Why Cohen Media Group Is The Right Buyer For Landmark Theatres

By J. Sperling Reich | December 4, 2018 5:15 pm PST
Landmark Theatres

In the end it wasn’t Netflix. Nor was it Amazon Studios. Instead, it is the independent film distributor and production company Cohen Media Group that will be acquiring Landmark Theatres from Wagner/Cuban Companies.

Put another way, two billionaires, Todd Wagner and Mark Cuban, are selling the arthouse cinema chain which was part of their vertically integrated media group, to another billionaire, the real estate developer Charles S. Cohen, who will now be able to vertically integrate his own media holdings.

The news doesn’t come as a surprise since Wagner and Cuban put Landmark up for sale back in April of this year. This set off a protracted bidding process for the circuit which consist of 252 screens across 52 theatres in 27 markets. Netflix put in a few early bids before dropping out, whereas Amazon Studios got into the mix this past August.

Throughout 2018 a great deal of ink, both digital and analog, was dedicated to think pieces in trade and business publications expounding on the many reasons why Netflix and/or Amazon would want to buy Landmark; debating whether it was, or was not, a good idea.

Most theories about Netflix centered on the company wanting to assure a day-and-date release for their original films both on their own platform and in at least one theatre chain. The thinking for Amazon was that Landmark would become a part of the streaming (and retailing) giant’s Prime offering, giving it an advantage over Netflix.

The acquisition of Landmark makes just as much sense for Cohen Media Group (CMG) if not more so. Founded in 2008, as an independent theatrical distribution and production company, CMG has gained a reputation for having impeccable taste. Starting with “Frozen River” they have released a string of critically acclaimed titles including “Rams,” “Standing Tall,” “Mustang,” “Timbuktu,” and “Faces Places”. Last year, CMG added and Oscar to its many Academy Award nominations, winning Best Foreign Language Feature for “The Salesman”.

CMG also oversees the Cohen Film Collection which restores classic movies that are then re-released in cinemas. Part of the collection includes the Merchant Ivory and Buster Keaton catalogues.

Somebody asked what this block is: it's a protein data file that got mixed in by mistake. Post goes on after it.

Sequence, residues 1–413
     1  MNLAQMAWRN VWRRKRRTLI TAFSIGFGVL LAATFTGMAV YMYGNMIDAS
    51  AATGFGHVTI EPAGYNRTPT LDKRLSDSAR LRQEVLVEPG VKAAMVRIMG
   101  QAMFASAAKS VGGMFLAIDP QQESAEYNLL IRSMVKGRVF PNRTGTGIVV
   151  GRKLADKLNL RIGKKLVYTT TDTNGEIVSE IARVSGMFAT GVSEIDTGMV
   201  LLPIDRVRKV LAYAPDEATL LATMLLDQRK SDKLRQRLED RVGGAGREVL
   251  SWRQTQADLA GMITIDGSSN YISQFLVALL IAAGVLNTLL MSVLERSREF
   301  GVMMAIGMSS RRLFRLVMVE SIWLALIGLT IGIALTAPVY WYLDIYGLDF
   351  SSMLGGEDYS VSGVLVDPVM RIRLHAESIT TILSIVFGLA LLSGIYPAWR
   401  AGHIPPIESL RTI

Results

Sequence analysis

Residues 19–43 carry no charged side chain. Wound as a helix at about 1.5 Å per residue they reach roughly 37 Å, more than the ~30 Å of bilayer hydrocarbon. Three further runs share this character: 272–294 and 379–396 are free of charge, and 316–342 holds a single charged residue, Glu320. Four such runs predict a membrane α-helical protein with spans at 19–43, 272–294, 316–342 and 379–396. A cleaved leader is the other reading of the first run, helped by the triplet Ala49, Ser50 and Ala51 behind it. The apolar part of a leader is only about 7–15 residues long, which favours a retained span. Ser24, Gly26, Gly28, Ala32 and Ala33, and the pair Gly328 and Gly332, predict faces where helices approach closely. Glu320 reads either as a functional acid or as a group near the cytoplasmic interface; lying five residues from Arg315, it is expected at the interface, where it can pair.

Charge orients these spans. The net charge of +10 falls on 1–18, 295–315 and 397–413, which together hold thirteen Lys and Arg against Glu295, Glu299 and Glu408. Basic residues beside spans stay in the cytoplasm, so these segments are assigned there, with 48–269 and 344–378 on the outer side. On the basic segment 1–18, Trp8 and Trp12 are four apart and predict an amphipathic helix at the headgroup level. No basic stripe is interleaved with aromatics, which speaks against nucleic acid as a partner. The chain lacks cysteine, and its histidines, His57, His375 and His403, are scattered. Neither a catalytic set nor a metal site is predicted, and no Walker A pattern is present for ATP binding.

In a way, Cohen is following in the footsteps of a billionaire media mogul such as Ted Turner, albeit he’s walking in the opposite direction. Turner acquired Metro-Goldwyn-Mayer in 1986 and used its library as the foundation for the Turner Entertainment Company’s cable networks, TNT and Turner Classic Movies. Rather than seek a home for his existing library and future releases on television or streaming platforms, Cohen can make them more valuable by guaranteeing them a theatrical release in his own cinemas.

Landmark Theatres President and CEO Ted Mundorff highlighted this in his statement about the sale, “Anyone who knows Charles, knows he is an avid lover of art and cinema, and this deal to purchase Landmark serves so many of his true passions and interests. By acquiring our chain, he has supercharged and scaled his distribution footprint in the arthouse sector, where he has been a savvy distributor and producer for many, many years.”

And unlike with Netflix and Amazon, where Landmark Theatres would have been just one more piece in a multi-billion dollar international behemoth, the circuit will actually play a key part in CMG’s growing empire. As such, it is more likely to be given the attention and care the company has reputation for lavishing on its film releases.

“I have been in the arthouse business for a long time as both a distributor and a producer, and I know better than most, that these films need a special home and require the utmost care. Landmark is that home,” said Charles S. Cohen, chairman of CMG in announcing the deal, the terms of which were not made public. “I couldn’t be more excited to add Landmark to Cohen Media Group’s portfolio of companies. This is a phenomenal fit with our other businesses, and this deal will be welcome news to the filmmakers we do business with or plan to work with in the arthouse arena in the years ahead.”

So, to recap, billionaire commercial real estate developer turned indie film distributor with a reputation for having impeccable taste in movies acquires one of North America’s leading arthouse cinema chains renown for its diverse programming. It seems like a good fit. The sale even has some good news for Landmark Theatres senior management team, headed by Mundorff, who will all be retained by CMG.

J. Sperling Reich